The transition into fall always seems more jarring than the other seasons; spring naturally slips into summer, and cold fronts give us a mild, brief winter, but the start of school, return of PSLs, and the sudden shifts in decor make the fall transition feel monumental. I’m not complaining – I adore summer and all of its long, warm days, but I love me some fall season, too. Even though the year is three quarters over, fall feels like rebirth, especially this year – a new apartment, a new semester of freshmen faces, a modest promotion at work, an excuse to dye my hair cinnamon red.
This transition also happens after a whirlwind of a summer, a summer that I’m still reminiscing over, so it’s another reason the switch to fall feels particularly abrupt. June was all job interviews, running a summer camp, and 30th birthday celebrations. July was family vacations, boys visiting, drunken nights, harry potter parties, and packing for the pending move.
Now the move is over, classes have started, jobs have not been offered, it’s back into normalcy and routine. Instead of indulging in my usual anxieties, I’m trying this new thing where I don’t feel guilty over a slow (read:boring) day. Where perhaps I let myself enjoy a lazy night reading, or a long sunset walk, or whatever. I need a fall that is stress-free, slow, and self-indulgent. Still, it’s hard to ignore the mental nagging that comes with slowing down my mind and activity. I should be doing more, always! Feeling productive is an addictive high.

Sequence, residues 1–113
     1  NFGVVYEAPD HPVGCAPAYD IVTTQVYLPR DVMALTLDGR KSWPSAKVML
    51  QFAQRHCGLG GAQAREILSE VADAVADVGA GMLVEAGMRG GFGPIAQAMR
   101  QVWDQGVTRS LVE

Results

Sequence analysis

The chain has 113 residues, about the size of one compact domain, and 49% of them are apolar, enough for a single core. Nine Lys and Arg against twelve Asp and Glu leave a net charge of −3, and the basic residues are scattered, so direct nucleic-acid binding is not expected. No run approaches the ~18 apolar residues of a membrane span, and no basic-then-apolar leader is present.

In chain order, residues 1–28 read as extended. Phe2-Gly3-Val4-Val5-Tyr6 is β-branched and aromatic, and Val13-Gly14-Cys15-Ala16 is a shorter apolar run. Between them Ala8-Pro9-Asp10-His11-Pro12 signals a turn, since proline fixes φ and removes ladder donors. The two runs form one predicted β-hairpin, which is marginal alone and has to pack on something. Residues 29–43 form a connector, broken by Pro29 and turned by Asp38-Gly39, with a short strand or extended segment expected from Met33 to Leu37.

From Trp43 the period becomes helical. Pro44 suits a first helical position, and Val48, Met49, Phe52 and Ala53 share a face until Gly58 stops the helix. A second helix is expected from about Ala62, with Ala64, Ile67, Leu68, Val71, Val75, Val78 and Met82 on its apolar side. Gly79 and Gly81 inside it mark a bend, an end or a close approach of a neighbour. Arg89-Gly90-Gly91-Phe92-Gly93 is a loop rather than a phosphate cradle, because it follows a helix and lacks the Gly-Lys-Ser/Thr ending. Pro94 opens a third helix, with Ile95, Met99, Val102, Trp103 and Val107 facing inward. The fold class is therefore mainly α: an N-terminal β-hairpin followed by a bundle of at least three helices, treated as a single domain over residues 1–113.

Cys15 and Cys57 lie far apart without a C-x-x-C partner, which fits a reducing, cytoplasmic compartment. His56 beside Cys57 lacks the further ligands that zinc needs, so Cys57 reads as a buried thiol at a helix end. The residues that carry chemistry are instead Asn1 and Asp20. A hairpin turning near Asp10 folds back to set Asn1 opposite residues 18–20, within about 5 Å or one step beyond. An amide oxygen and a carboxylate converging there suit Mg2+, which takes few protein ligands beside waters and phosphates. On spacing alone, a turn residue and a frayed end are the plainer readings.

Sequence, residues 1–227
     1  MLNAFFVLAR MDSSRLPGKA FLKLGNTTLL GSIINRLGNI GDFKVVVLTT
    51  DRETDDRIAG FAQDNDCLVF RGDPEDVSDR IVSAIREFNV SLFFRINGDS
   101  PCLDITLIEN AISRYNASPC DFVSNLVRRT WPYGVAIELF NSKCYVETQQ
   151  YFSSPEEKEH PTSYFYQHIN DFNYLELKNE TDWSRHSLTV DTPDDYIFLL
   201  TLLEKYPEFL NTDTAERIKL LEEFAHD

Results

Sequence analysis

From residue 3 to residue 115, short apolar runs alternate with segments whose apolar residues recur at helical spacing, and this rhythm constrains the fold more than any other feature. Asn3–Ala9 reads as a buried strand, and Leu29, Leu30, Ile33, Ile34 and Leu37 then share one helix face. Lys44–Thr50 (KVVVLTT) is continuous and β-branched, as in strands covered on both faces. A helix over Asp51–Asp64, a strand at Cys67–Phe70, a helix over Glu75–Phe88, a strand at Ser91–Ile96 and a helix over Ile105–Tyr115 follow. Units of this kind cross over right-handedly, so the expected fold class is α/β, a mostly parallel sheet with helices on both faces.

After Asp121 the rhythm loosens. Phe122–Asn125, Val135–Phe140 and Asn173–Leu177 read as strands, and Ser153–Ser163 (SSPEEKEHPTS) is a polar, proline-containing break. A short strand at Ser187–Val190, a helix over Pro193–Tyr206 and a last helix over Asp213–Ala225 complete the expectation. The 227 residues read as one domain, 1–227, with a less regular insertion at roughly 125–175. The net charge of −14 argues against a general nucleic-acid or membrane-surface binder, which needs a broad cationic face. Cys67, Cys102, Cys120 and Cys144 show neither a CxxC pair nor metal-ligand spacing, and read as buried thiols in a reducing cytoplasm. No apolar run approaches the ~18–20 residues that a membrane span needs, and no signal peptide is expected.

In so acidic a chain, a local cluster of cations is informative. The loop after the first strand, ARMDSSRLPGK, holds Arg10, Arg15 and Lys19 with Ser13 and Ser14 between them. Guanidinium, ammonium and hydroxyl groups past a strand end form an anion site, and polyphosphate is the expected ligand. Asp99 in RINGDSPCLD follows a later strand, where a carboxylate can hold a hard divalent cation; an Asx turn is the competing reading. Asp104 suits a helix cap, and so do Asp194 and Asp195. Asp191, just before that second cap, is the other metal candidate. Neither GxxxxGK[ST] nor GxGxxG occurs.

But productive days don’t mean I’m successful or even achieving anything important, and I need to remind myself of that more. I don’t want a year to slip by and I’m still just crossing off a daily to-do list, doing the same work without any real achievement, the same portfolio, the same number on the scale. Perhaps the deliberate choice to have a more playful, wandering fall will let the important work, the work I want and need to do, come surging forward. After all, as the queen Shonda Rhimes says:
“Work doesn’t work without play. The more I play, the freer my mind becomes. The more I play, the better I work. The more I play, the more I feel the hum, the nation I’m building, the marathon I’m running, the troops, the canvas, the high note, the hum, the hum, the other hum, the real hum, life’s hum.”